Rules to Live By

A few weeks ago I posted 10 awesome life lessons from Jack Dorsey (CEO of Square and Chairman of Twitter)... and today there's a few more great ones courtesy of a guest post over on Leo Babauta's Zen Habits.
Guest poster Craig Ballantyne shared these nuggets that I find really applicable to my life:

I do not engage in confrontations with anyone, in-person or online. This is a waste of time and energy. If I have caused harm, I apologize and fix the situation. However, if someone simply doesn’t like something I have done or something that I do or disagrees with me, that is fine, but I’m not going to get into an argument about it. For any confrontation-like situation, I simply take a deep breath, relax, breathe out, and re-focus my efforts back on my work and goals.

This is an aspiration for me. I've been in my share of Internet arguments (over politics usually, which is why I rarely post on politics any longer) and in the end, it's a complete waste of time. Every time. Even in-person arguments can get to that point very fast. The key to this is owning up to your mistakes and fixing them... and not taking differences of opinion as a personal attack. Both are hard, but both are worth working toward.

“It will all be over soon.” – This serves me in both good times and in bad.In hard times, such as bad days, troubled times, or intense physical effort or discomfort, I know that it will all be over soon. A small amount of suffering now will be forgotten later when I will enjoy the rewards of my work. And in good times, I will remember that life is short, and I must make things count now, and no matter how good things are going I must never let myself become soft and lazy, because I have too much to accomplish in such a short time.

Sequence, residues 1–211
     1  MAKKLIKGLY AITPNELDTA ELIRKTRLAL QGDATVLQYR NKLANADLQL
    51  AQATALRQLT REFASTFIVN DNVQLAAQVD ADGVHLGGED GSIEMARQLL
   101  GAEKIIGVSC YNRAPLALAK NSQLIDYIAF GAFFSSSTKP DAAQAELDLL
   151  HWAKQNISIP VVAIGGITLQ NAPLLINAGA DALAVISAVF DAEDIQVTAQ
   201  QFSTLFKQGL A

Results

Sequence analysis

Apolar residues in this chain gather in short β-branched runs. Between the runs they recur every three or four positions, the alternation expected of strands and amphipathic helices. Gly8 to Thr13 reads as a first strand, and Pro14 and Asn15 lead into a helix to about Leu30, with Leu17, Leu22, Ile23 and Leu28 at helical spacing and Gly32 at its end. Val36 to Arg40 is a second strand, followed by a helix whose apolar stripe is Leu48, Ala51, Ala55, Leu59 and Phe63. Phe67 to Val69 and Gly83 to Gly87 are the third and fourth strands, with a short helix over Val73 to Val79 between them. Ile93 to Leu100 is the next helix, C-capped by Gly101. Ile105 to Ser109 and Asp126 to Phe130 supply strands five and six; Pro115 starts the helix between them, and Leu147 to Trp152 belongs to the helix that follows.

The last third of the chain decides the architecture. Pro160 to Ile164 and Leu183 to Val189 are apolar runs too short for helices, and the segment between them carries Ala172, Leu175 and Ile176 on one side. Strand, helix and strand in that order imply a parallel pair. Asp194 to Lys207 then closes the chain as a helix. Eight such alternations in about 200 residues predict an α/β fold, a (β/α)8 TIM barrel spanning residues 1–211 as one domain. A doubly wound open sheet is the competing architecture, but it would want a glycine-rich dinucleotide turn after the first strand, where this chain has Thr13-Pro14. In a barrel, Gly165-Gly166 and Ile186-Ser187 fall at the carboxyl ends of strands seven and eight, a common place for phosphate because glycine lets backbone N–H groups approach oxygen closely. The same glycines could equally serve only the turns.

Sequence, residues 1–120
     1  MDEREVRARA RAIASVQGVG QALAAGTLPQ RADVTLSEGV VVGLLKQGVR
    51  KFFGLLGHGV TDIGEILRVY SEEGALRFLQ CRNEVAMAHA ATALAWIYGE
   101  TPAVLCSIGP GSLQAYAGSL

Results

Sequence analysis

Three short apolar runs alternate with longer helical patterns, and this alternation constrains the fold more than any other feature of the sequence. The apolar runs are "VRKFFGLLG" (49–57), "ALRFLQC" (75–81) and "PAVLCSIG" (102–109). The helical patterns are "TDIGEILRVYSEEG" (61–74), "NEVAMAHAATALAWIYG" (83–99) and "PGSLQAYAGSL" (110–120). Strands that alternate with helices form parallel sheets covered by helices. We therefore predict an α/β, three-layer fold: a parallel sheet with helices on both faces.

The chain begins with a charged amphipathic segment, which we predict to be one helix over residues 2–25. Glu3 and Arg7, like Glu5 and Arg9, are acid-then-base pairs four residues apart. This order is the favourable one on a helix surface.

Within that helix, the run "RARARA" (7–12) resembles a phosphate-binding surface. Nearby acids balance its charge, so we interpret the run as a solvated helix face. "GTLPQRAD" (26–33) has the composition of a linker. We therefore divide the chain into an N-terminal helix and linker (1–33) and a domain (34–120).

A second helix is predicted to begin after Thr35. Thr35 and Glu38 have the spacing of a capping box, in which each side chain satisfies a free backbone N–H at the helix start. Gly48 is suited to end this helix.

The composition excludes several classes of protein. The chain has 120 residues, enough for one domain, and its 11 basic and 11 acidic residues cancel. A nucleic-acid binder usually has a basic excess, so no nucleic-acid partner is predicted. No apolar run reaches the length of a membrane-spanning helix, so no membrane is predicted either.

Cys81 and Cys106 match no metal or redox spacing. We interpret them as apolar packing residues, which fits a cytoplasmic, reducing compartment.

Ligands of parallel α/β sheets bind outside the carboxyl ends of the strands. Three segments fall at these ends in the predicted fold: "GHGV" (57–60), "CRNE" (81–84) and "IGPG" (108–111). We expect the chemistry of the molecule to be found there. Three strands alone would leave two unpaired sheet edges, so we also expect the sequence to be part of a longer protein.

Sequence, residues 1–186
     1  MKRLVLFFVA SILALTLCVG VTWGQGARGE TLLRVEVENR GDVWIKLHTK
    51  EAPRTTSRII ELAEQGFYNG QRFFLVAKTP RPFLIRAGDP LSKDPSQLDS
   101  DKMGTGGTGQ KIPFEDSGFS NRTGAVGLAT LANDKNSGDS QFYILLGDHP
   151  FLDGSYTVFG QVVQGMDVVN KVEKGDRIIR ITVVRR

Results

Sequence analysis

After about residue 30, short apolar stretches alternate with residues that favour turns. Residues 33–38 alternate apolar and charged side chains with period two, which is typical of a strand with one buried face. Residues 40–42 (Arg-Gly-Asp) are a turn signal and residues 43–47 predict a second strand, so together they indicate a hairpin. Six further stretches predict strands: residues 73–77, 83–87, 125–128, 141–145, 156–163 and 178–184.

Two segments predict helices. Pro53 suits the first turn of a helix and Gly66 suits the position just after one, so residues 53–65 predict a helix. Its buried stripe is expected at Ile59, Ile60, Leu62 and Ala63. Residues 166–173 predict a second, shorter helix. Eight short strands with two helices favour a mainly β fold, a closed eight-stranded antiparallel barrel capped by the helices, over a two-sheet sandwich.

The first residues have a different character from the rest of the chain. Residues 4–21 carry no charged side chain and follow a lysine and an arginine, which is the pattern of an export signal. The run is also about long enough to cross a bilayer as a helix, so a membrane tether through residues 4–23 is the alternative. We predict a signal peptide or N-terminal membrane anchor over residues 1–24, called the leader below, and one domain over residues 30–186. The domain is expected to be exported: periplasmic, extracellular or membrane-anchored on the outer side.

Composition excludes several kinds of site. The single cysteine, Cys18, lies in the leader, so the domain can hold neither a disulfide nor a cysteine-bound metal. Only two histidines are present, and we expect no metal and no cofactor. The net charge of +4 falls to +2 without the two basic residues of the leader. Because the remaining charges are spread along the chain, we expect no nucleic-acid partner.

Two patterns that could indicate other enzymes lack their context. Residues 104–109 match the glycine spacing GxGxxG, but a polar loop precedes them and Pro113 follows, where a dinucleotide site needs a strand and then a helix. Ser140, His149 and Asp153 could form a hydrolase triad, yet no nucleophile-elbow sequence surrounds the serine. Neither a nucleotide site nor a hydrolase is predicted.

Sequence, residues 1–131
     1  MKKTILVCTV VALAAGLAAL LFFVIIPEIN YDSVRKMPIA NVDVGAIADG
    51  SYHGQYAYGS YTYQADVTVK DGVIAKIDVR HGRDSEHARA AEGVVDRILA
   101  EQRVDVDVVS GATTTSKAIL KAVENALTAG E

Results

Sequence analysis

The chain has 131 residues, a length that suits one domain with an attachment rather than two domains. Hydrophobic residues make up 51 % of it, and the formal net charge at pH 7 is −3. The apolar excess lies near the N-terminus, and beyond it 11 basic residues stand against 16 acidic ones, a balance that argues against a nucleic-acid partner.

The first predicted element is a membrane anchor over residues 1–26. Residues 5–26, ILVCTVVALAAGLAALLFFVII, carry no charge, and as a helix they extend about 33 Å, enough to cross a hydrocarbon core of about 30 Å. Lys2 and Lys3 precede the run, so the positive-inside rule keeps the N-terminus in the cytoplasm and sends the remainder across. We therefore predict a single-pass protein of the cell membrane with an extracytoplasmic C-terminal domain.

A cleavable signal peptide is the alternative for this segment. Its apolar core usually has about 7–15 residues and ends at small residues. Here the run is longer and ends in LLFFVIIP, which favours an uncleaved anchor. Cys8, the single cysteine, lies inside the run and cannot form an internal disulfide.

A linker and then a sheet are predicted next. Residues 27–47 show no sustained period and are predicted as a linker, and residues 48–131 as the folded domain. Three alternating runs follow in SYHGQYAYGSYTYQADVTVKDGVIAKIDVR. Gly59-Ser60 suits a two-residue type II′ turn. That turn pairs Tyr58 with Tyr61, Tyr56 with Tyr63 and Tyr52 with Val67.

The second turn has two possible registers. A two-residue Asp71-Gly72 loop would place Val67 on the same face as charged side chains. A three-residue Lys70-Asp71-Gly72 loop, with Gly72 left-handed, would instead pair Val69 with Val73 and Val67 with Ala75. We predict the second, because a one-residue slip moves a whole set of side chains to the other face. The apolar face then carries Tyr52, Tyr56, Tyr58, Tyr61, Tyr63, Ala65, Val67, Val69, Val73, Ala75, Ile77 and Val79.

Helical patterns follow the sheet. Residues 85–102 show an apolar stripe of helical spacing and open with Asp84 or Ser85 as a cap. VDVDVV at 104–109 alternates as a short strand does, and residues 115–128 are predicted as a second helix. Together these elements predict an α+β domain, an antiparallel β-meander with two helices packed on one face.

Impermanence, plain and simple. Bad and good things both end eventually. When I read this, I think of Jack Dorsey's 'Be OK with Endings' lesson. So, so true. It's still hard, but it's a good reminder that life will go on and to appreciate everything good in your life.

Everything that happens to me – good and bad – is my personal responsibility. I blame no one but myself. These are the choices I’ve made – this is the life I’m living. I will accept the consequences of my actions.

Buddhism 101. For me it boils down to this: Make the best choices you can in the moment and own the mistakes you make... learn, adjust, and grow. If you aren't failing, you aren't taking risks and growing.

I will not be a person I don’t want to be. I will not be petty, jealous, or envious, or give in to any other of those lazy emotions. I will not gossip or speak badly of others, no matter who I am with or what environment I am in. I will not be negative when it is easier to be positive. I will not hurt others when it is possible to help. I will know the temptations, situations and environments in life that I must avoid, and I will, in fact, avoid them, even if it means loosening relationships with others who “live” in those environments. It’s my life and that matters more than what other people think of me.

Another aspiration and a very important part of Buddhist belief. And SO hard. I've certainly had brushes with jealousy, speaking badly of others, and other lazy emotions and cheap actions. I do try very hard to run all of my big, important choices through these basic guidelines though. And when I don't, I own up to my mistakes.

I will laugh every day.

Laughter is key to so much, in my opinion. I am so thankful to be with such a hilarious (and beautiful) person.


How is the new year, so far, for you? What big ideas are you working on or living your life by this year?

Author: Jason

I am a patient boy.